Chef Danny Godinez’s dish is a marvel: The fried mass of tortillas is formed into a thin cake, topped with a fluffy omelet and dressed with avocado mousse, pico de gallo, crema, and sprinkles of cotija cheese. It’s surrounded by a pool of brilliant brick-red sauce that tastes of smoky, toasted chilies. The tiny Main Street cafe serves an equally good second version, chilaquiles verdes, made with a tomatillo-based sauce and sprinkled with a scattering of pumpkin seeds. Both iterations are precisely prepared, their contrasting flavors and textures balanced in every bite.

Read the rest here.

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Recap: L.A. Loves Alex’s Lemonade Brings Out the Culinary Stars


PHOTO by JENNIFER BASTIAN

It would’ve taken a superhuman appetite to try everything at the third-annual L.A. Loves Alex’s Lemonade, which packed nearly 40 chefs and even more bartenders, brewers and vintners onto the lawn of historic Culver Studios. But that didn’t stop some 1,200 attendees from trying. Between ticket sales and some luxurious auction items, over $500,000 was raised for childhood cancer research—L.A. Loves Alex’s is by far the city’s best culinary event with a conscience.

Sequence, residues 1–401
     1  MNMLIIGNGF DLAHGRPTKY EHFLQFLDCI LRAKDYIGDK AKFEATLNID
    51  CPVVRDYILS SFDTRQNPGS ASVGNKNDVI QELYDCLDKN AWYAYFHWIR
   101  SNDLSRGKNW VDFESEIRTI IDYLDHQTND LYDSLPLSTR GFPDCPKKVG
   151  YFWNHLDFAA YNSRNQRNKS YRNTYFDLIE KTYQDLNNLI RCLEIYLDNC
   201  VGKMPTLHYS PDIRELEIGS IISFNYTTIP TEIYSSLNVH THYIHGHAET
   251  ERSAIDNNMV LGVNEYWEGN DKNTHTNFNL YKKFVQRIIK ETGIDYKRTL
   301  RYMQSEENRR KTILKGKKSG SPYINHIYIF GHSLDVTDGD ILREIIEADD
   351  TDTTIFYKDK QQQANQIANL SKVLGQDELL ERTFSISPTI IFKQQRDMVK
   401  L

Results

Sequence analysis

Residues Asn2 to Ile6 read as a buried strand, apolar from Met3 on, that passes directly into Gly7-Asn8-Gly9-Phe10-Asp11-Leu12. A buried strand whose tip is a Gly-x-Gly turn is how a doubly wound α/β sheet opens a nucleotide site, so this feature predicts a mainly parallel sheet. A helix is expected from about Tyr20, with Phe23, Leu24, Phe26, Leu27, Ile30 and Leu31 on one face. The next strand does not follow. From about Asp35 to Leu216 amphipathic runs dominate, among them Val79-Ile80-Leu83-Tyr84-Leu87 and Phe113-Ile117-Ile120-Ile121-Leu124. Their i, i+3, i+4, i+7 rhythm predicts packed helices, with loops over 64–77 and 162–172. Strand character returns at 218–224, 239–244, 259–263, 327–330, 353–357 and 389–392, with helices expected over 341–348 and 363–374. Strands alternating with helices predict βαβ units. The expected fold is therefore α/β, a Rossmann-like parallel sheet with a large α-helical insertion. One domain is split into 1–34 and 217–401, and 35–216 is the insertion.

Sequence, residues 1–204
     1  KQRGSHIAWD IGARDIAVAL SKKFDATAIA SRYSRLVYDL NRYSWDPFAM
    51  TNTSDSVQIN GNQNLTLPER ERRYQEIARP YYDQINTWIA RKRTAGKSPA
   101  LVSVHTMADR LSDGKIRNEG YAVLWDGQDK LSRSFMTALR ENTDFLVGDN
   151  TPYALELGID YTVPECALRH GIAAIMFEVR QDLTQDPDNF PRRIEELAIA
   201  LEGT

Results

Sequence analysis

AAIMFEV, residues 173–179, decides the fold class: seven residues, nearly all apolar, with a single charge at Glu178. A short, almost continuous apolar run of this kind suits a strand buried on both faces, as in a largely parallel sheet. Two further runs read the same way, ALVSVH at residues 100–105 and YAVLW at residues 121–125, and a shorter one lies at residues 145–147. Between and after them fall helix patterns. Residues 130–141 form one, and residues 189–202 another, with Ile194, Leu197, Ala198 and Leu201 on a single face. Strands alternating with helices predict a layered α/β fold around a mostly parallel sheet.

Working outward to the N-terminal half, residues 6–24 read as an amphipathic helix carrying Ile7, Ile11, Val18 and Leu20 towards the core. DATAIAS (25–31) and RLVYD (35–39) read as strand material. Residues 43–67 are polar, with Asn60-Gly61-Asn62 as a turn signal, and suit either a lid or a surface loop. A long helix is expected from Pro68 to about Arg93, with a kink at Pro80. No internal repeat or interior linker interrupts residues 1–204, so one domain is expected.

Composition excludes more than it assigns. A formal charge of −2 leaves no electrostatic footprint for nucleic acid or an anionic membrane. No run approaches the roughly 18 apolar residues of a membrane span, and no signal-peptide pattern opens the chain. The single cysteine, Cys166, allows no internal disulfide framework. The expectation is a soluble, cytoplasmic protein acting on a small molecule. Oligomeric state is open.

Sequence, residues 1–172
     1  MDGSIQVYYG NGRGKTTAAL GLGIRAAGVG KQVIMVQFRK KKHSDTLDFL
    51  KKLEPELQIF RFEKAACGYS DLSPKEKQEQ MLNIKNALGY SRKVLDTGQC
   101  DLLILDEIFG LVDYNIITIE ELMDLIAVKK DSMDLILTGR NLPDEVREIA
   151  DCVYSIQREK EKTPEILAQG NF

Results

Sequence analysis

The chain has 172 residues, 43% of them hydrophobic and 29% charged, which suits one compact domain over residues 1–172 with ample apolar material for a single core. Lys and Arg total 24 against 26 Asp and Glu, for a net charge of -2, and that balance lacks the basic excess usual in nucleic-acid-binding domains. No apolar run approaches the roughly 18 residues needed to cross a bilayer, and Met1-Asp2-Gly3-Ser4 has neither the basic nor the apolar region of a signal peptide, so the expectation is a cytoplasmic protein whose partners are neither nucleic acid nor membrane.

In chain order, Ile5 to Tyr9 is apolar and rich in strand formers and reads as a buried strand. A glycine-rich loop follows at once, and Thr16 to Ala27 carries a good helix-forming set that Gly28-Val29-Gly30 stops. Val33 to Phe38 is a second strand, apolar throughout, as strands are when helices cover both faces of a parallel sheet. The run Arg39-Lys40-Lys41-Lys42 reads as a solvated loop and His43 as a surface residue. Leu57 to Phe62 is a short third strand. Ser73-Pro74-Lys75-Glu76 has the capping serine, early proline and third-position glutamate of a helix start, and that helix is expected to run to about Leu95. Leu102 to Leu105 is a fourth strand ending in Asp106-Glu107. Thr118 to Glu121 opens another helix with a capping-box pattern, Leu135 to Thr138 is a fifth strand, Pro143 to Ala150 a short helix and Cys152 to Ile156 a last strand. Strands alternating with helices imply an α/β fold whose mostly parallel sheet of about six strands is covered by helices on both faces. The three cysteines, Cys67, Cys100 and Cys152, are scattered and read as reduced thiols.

PHOTO by JENNIFER BASTIAN

Donald Link (Herbsaint and Cochon) brought with him the flavors of Louisiana: a cool black-eyed pea salad, a knob of excellent Cajun sausage and a hunk of boudin turgid with rice and pork. Whereas many of the day’s plates seemed only like festival-sized bites, Link’s felt like a fully formed dish, a complete Cajun meal downsized only to accommodate the bacchanal.  Continue reading

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Orange County’s Ultimate Asian Dining Guide

There could be a dozen dissertations on the various Asian cuisines of Orange County, a topic so vast that it’s all but impossible to condense it into a single magazine feature. But for this month’s issue of Orange Coast, I (along with longtime Orange Coast writer Gretchen Kurz) embarked on just that task. What resulted is, I think, a pretty impressive accomplishment–a definitive guide to old-school pho joints, rare Okinawan izakayas, Taiwanese dessert parlors and so much more. Pick one up today.